Let’s get one thing straight: corn is a grain and not a vegetable. While it is gluten-free, it still presents some problems. Like many oils and sugar, corn is found in everything these days, and not in it’s natural form.
Processed corn like corn syrup and corn starch, and corn oil are entering their way into our diets via processed foods, so make sure to read your labels.
While an ear of organic corn here and there won’t hurt, most corn is a GMO product grown on lands that are treated with tons of pesticides. It’s modified to be sweeter than it should be.
Of course, different components impact inflammatory markers in different ways; corn syrup presents similar problems to sugar, and corn oil presents the same problems we get with any refined oils.
Avoiding corn byproduct should be a priority for anyone who wants to decrease inflammation.
Peanuts aren’t bad for everyone, but you might be aware that they are a common allergen. Considering that, there’s more of a likelihood that you aren’t allergic, but you are sensitive to peanut consumption.
Food sensitivities are a lot different than an allergy because the symptoms will present in different ways, and it’s usually more mild. That mild reaction may very well just be low-grade inflammation, and it’s easy to ignore it because you don’t notice it at all.
It’s also important to distinguish peanuts from the rest of the nuts. Peanuts aren’t a nut at all; in fact, they are considered a legume. This doesn’t make them inherently inflammatory, but they do contain more phytic acid which can irritate the gut and cause inflammation.
They’re also high in omega-6 fatty acids – a downfall of many nuts – and can throw our balance off whack which we talked about in relation to inflammation above.
Lastly, because peanuts grow underground, they are more susceptible to mould which is exactly what causes that immune reaction when people are allergic.
If you cut any foods out of your diet, these should be it! Many of these pro-inflammatory foods are also foods that contribute to leaky gut – a symptom of inflammation.
Focus on real, whole foods and anti-inflammatory remedies and supplements to reduce symptoms and heal from the inside out.
Pin it for later from here
1. Mozaffarian, D, et al. “Dietary Intake of Trans Fatty Acids and Systemic Inflammation in Women.” The American Journal of Clinical Nutrition, Apr. 2004, pp. 606–612., www.ncbi.nlm.nih.gov/pubmed/15051604.
2. Lopez-Garcia, E, and MB Schulze. “Consumption of Trans Fatty Acids Is Related to Plasma Biomarkers of Inflammation and Endothelial Dysfunction.” The Journal Of Nutrition, Mar. 2005, pp. 562–566., www.ncbi.nlm.nih.gov/pubmed/15735094.
3. Han, S N, et al. “Effect of Hydrogenated and Saturated, Relative to Polyunsaturated, Fat on Immune and Inflammatory Responses of Adults with Moderate Hypercholesterolemia.”Journal of Lipid Research., U.S. National Library of Medicine, Mar. 2002, www.ncbi.nlm.nih.gov/pubmed/11893781.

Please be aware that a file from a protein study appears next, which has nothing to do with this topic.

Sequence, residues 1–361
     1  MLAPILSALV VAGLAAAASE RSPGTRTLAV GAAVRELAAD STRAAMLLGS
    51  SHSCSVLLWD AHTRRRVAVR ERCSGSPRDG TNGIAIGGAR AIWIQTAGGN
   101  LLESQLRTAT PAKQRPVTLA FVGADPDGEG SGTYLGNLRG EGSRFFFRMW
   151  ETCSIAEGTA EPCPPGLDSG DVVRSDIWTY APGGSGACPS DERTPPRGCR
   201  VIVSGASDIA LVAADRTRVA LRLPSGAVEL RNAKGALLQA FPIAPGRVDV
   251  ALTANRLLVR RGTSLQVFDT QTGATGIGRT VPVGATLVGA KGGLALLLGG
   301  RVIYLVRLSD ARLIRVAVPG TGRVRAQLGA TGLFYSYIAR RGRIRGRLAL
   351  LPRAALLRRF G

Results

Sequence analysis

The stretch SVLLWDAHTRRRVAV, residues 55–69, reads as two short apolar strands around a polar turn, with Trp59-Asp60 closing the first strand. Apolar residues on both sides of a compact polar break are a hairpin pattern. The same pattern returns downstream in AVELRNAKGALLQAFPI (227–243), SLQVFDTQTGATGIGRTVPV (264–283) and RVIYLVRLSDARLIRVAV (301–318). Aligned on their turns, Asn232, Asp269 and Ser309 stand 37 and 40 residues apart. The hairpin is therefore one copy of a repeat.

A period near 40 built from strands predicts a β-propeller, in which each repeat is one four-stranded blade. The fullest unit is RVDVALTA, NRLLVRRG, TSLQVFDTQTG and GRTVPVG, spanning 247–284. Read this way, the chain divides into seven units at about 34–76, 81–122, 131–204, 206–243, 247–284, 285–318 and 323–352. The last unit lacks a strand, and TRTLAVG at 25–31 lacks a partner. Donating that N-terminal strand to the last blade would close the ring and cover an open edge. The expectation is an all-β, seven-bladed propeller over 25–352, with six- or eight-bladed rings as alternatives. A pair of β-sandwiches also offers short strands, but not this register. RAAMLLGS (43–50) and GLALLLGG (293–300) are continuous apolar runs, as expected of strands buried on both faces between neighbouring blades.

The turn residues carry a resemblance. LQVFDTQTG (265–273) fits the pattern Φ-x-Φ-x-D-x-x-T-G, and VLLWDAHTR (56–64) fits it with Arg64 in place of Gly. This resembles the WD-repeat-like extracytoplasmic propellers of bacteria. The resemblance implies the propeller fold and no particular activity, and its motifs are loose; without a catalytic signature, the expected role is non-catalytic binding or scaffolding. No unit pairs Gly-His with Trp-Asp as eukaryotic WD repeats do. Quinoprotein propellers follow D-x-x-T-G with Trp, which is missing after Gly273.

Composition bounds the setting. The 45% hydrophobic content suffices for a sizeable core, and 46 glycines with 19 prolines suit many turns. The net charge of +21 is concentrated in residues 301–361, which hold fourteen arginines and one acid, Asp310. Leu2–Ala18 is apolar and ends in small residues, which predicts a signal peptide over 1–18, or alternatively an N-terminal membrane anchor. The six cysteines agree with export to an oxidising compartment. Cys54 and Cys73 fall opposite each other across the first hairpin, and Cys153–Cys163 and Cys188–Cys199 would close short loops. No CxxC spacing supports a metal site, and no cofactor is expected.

4. Imhof, Armin, et al. “Effect of Alcohol Consumption on Systemic Markers of Inflammation.”The Lancet, vol. 347, no. 9258, 10 Mar. 2001, pp. 763–767., www.sciencedirect.com/science/article/pii/S0140673600041702.
5. Aeberli, Isabelle, et al. “Low to Moderate Sugar-Sweetened Beverage Consumption Impairs Glucose and Lipid Metabolism and Promotes Inflammation in Healthy Young Men: a Randomized Controlled Trial.” The American Journal of Clinical Nutrition, vol. 94, no. 2, Aug. 2011, pp. 479–485., doi:10.3945/?ajcn.111.013540.
6. Schulze, Matthias B, et al. “Dietary Pattern, Inflammation, and Incidence of Type 2 Diabetes in Women.” American Society of Clinical Nutrition, vol. 82, no. 3, Sept. 2005, pp. 675–684., ajcn.nutrition.org/content/82/3/675.short.
7. Cross AJ, Leitzmann MF, Gail MH, Hollenbeck AR, Schatzkin A, Sinha R (2007) A Prospective Study of Red and Processed Meat Intake in Relation to Cancer Risk. PLoS Med4(12): e325. https://doi.org/10.1371/journal.pmed.0040325
8. James, Michael J, et al. “Dietary Polyunsaturated Fatty Acids and Inflammatory Mediator Production.” American Journal of Clinical Nutrition, vol. 71, 1 Jan. 2000, pp. 343–348., ajcn.nutrition.org/content/71/1/343s.short.
9. Simopoulos, A P. “The Importance of the Ratio of Omega-6/Omega-3 Essential Fatty Acids.”Biomedicine & Pharmacotherapy, vol. 56, no. 8, Oct. 2002, pp. 365–379., doi:https://doi.org/10.1016/S0753-3322(02)00253-6.
10. Lacerda Pires Soares, Fabiola, et al. “Gluten-Free Diet Reduces Adiposity, Inflammation and Insulin Resistance Associated with the Induction of PPAR-Alpha and PPAR-Gamma Expression.” The Journal of Nutritional Biochemistry, Elsevier, 17 Dec. 2012, www.sciencedirect.com/science/article/pii/S0955286312002264.
11. Biesiekierski, Jessica R, et al. “Gluten Causes Gastrointestinal Symptoms in Subjects Without Celiac Disease: A Double-Blind Randomized Placebo-Controlled Trial.” American Journal Of Gastroentenology, 2011, pp. 508–514., doi:doi:10.1038/ajg.2010.487.
12. Makharia, A, et al. “The Overlap between Irritable Bowel Syndrome and Non-Celiac Gluten Sensitivity: A Clinical Dilemma.” Nutrients, 10 Dec. 2015, pp. 10417–10426., doi:10.3390/nu7125541.
Music, mountains, dogs, travel, food and friends.